How to Mention a Referral in a Cover Letter (Or Name Drop Like a Pro)

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Laura Berlinsky-Schine
Laura Berlinsky-Schine2.3k
You’ve found a job that’s a glove fit, and even better, you know someone who works at the company in question. Or you’ve done some digging on LinkedIn and found a friend of a friend or fellow alumna from your college who works at the employer. So, what next?
Having a referral can greatly improve your odds of getting an interview and ultimately receiving a job offer because you’re coming recommended by a trusted source. How do you highlight this contact on your application — and when should you do so? Here’s how to name drop in a cover letter and boost your candidacy in the hiring process.

What is a referral?

A referral is someone who informed you about the job’s existence. Sometimes, your referral source is not a person but a job board, job search site, ad or another resource.
Often, employees of a company will refer other people in their network for an open position at their company. In this case, it is appropriate to mention the referral source in your cover letter. Many job applications will ask you to name your referral source, but if you were referred by someone who works at the employer, you should also say so in your cover letter, because it may prompt the hiring manager or recruiter to examine your resume and application more closely; after all, you are presumably offering the reference of a trusted source.

What is an employee referral program?

Because performance and retention are often stronger when hires come recommended by current employees, many companies institute employee referral programs. These programs establish a process for employees to refer friends, former colleagues and other people in their network for open positions in their companies. If the referral is hired, the referring employee generally receives a reward, such as a monetary bonus or gift.

Examples of adding a referral to your cover letter

So, how do you mention someone's name in a cover letter? Here are two examples of how to name drop in a cover letter and grab the recruiter or hiring manager’s attention right off the bat. (Mention the contact early, in the first paragraph, so the hiring manager will know to keep reading.)

Example #1

When my former colleague Jane Doe told me about the marketing manager position at X company, I knew it was the perfect fit. Jane and I worked together at Y company and have kept in close contact over the years. Since she knows about my dedication to education and strong track record at X company, she thought Y company would benefit from my expertise.

Example #2

I was so excited to hear about the opening for a software engineer at X company from my former manager, Alex Smith. I worked as an intern for Alex in 2017, and she knows my strengths and interests well. We have kept in touch since my internship, and given how much I learned from and enjoyed working at X company, she thought I would fit in well there.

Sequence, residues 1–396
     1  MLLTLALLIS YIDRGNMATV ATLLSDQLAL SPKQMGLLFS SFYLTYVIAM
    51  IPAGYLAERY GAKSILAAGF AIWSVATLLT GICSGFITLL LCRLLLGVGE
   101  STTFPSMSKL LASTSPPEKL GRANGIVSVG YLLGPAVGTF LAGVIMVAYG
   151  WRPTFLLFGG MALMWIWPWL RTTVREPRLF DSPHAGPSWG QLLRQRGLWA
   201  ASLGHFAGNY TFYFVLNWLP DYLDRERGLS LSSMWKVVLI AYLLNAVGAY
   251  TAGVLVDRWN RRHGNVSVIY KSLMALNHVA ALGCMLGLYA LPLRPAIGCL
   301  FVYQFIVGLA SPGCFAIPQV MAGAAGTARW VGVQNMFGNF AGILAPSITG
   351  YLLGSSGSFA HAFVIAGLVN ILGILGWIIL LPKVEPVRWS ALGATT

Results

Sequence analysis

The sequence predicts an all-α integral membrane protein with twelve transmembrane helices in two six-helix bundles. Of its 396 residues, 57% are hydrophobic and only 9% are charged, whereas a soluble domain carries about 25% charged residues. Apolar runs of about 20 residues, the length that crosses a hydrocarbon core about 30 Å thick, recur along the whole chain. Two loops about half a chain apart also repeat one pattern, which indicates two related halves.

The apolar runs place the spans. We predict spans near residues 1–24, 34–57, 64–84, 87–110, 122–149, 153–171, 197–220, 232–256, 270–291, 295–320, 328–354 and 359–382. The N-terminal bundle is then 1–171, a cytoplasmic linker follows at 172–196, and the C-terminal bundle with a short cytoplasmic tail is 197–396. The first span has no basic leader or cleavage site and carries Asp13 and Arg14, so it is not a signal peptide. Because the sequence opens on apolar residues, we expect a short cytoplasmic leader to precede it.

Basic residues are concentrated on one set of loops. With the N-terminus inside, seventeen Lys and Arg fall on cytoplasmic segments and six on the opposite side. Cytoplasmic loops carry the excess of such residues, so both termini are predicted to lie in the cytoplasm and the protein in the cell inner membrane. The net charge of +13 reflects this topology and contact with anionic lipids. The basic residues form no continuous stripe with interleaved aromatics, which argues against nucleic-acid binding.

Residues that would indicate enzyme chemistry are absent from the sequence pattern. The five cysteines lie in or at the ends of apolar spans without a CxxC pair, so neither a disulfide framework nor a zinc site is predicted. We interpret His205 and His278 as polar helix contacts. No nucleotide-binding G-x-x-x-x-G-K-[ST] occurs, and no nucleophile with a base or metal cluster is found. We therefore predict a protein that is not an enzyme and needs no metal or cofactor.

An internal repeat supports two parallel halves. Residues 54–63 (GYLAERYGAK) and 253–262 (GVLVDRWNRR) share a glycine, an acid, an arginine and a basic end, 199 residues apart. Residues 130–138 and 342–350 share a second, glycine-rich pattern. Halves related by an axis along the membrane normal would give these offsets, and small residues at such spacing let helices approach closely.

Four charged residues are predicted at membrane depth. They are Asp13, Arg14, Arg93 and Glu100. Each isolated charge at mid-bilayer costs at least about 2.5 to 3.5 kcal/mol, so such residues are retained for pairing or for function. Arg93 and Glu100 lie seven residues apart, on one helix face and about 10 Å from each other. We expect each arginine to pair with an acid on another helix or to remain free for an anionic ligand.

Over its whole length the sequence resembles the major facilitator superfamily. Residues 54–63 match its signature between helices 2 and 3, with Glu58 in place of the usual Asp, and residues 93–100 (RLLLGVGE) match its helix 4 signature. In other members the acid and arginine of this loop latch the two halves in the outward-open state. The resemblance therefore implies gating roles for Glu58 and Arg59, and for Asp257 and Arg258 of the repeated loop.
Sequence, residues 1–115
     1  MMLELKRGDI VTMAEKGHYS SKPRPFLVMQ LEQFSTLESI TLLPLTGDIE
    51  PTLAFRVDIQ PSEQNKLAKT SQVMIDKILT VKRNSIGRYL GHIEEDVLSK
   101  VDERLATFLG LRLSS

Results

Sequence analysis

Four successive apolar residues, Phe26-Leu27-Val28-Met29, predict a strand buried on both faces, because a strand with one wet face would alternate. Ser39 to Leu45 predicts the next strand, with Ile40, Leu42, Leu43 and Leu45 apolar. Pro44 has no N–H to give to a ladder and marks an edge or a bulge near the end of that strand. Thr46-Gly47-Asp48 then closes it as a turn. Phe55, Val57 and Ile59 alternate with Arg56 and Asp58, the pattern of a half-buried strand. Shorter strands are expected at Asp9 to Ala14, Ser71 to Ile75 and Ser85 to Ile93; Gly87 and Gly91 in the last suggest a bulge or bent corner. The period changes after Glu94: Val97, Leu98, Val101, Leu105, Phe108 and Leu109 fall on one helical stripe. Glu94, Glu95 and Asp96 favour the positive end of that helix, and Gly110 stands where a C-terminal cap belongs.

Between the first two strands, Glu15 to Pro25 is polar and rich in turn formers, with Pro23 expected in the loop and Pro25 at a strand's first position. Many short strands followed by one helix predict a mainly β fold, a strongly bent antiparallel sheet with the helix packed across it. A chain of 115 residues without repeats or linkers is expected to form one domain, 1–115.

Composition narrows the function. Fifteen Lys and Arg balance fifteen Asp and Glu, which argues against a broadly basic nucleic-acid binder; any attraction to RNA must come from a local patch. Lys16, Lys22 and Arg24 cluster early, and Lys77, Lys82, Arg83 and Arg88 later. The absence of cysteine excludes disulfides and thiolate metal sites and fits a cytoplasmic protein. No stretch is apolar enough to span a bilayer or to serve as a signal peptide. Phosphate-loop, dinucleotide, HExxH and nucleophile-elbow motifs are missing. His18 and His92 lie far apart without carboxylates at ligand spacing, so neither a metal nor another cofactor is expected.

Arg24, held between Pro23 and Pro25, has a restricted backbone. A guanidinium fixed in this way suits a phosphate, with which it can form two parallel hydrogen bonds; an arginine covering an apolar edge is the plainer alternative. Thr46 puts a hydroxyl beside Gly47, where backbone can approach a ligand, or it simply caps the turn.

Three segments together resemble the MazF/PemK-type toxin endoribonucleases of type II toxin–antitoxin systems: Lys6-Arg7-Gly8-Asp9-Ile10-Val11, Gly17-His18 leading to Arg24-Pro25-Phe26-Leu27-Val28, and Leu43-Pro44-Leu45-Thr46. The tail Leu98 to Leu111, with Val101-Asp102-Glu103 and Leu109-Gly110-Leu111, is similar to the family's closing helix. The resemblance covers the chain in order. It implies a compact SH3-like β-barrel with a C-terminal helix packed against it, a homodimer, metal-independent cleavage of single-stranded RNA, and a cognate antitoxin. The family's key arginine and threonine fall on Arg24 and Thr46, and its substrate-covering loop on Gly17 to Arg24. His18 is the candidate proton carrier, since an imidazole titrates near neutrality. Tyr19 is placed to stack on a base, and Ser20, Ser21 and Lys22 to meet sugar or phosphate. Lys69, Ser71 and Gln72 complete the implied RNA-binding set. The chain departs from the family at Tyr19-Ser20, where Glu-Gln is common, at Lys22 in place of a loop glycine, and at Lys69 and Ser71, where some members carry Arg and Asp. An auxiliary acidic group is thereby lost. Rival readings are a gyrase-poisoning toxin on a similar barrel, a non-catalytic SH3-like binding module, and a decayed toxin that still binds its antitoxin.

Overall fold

When you should and shouldn’t name drop

There are many circumstances when you should mention a referral in your cover letter, as well as some when you should not.
You should name drop when:
• A current or former employee mentioned the opening to you and suggested that you apply.
If someone in your network mentioned the opening to you and recommended that you apply, you should absolutely go for it, assuming that you’re interested in the job. This is the best context for name dropping in a cover letter since you didn’t even have to actively seek out the referral — it came to you without you having to ask.
• You saw a listing for the job and contacted someone in your network who works there, who said you could mention her by name in your application.
In many cases, you will see an opening at a company, and if you know someone who works there, it is a good idea to reach out to her to ask if you might be able to mention her in your application. If she says yes, then you can feel free to do so. She may also offer tips and advice on getting your application noticed.
• You reached out to someone who is not a contact on LinkedIn or via another resource, such as an alumni network, and she agreed that you could use her as a referral.
When you don’t know anyone who works at the company in question, do some research. Look up employees of the employer on LinkedIn, for example, and see if you have any mutual connections or any other networks in common; alumnae from your alma mater can be helpful, and even people in the industry may be willing to speak with you. Reach out to the contact directly, explaining how you’re connected, and politely ask if you can learn more about the position and whether she thinks you might be a good fit. You should take this initial step and give her a chance to get to know a little about you before immediately asking for a referral. 
You should not name drop when:
• You don’t have explicit permission from the contact to do so.
You should always ask for and receive permission from the referral source before using her name in your cover letter. It’s a huge favor for someone to vouch for you because she’s putting her reputation on the line. If the contact isn’t comfortable with it or isn’t aware that you’re using her as a referral, you shouldn’t do it.
• The contact isn’t in good standing with the employer.
If an employee left her employer on bad terms — if she was fired, for example — or is otherwise in poor standing with the company, it’s not a good idea to mention her as a referral in your cover letter. Her reputation will reflect on you in this case, and it won’t help you get hired; in fact, it may even hurt your application.

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